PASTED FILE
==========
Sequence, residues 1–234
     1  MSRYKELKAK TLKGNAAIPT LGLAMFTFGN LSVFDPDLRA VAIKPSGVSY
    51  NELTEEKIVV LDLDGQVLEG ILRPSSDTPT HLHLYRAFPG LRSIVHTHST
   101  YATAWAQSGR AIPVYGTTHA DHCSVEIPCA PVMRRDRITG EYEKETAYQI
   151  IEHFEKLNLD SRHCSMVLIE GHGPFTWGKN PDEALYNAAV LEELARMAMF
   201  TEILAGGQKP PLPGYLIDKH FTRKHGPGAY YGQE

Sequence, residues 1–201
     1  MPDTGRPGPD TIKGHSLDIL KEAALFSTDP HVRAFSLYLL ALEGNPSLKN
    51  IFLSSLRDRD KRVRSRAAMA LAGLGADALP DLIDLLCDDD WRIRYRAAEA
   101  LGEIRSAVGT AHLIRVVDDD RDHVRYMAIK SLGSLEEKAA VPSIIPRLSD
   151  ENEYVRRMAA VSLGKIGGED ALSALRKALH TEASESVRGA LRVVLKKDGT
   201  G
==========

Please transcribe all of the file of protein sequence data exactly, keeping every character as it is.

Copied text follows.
Sequence, residues 1–234
     1  MSRYKELKAK TLKGNAAIPT LGLAMFTFGN LSVFDPDLRA VAIKPSGVSY
    51  NELTEEKIVV LDLDGQVLEG ILRPSSDTPT HLHLYRAFPG LRSIVHTHST
   101  YATAWAQSGR AIPVYGTTHA DHCSVEIPCA PVMRRDRITG EYEKETAYQI
   151  IEHFEKLNLD SRHCSMVLIE GHGPFTWGKN PDEALYNAAV LEELARMAMF
   201  TEILAGGQKP PLPGYLIDKH FTRKHGPGAY YGQE

Sequence, residues 1–201
     1  MPDTGRPGPD TIKGHSLDIL KEAALFSTDP HVRAFSLYLL ALEGNPSLKN
    51  IFLSSLRDRD KRVRSRAAMA LAGLGADALP DLIDLLCDDD WRIRYRAAEA
   101  LGEIRSAVGT AHLIRVVDDD RDHVRYMAIK SLGSLEEKAA VPSIIPRLSD
   151  ENEYVRRMAA VSLGKIGGED ALSALRKALH TEASESVRGA LRVVLKKDGT
   201  G